Professional self-care and the prevention of secondary trauma among play therapists working with traumatized youthedit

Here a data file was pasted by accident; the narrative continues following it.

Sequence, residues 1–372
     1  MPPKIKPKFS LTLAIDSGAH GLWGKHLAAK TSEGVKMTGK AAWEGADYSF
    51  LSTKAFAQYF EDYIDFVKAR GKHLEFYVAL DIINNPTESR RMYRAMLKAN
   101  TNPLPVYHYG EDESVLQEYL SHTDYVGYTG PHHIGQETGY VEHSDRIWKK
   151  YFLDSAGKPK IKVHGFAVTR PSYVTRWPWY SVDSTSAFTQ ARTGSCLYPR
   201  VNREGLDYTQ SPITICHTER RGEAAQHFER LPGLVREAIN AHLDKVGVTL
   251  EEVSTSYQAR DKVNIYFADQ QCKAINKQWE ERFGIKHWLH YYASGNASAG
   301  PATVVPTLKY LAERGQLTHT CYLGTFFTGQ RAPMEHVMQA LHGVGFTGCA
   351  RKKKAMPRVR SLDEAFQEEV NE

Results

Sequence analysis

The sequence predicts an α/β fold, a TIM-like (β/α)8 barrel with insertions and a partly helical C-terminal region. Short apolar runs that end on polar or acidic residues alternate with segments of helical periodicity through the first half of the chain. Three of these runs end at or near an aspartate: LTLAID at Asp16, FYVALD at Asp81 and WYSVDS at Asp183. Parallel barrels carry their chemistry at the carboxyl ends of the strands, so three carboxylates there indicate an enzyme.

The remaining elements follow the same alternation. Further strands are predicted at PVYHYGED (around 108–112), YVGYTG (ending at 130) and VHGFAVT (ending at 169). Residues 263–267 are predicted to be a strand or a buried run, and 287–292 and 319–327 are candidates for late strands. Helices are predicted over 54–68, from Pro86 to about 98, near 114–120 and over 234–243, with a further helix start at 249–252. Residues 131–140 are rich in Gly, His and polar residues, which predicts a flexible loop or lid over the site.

Practitioners who work with children or adolescents after crises or exposures to traumatic events can experience a high level of compassion satisfaction, especially when they employ self-care strategies that foster their internal and external resources. This chapter reviews the risks and benefits for practitioners who work with children and adolescents after such events and exposures. It provides a way for practitioners to understand these risk and benefits, and a roadmap to help them foster their own resilience. First, the chapter reviews the differences between compassion satisfaction and compassion fatigue, as well as work-related adverse effects of crisis and trauma counseling. These include the effects of dealing with psychological distress, chronic bereavement, countertransference, secondary trauma/compassion fatigue, and vicarious trauma. Then the chapter presents strategies for how practitioners can survive and thrive at the personal, interpersonal, organizational, and community levels.